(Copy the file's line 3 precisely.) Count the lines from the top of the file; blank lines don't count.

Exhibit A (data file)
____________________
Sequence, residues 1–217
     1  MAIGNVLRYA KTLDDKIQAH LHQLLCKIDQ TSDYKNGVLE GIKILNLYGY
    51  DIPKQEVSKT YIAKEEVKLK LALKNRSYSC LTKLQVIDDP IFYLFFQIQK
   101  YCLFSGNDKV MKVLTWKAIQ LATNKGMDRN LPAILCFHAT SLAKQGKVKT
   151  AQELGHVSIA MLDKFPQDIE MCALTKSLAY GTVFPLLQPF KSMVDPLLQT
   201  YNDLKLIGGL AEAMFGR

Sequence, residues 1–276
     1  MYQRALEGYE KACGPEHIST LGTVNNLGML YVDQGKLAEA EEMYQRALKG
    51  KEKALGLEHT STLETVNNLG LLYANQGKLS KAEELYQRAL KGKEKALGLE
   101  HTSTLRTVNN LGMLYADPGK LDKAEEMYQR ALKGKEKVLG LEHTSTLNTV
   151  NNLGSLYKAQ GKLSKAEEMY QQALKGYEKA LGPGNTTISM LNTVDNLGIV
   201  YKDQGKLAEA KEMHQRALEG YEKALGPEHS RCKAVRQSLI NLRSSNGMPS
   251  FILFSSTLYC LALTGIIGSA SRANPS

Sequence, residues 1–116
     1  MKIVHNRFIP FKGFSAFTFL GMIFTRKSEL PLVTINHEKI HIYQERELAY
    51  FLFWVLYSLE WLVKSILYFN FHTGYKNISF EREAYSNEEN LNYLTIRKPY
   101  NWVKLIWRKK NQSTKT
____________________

    51  DIPKQEVSKT YIAKEEVKLK LALKNRSYSC LTKLQVIDDP IFYLFFQIQK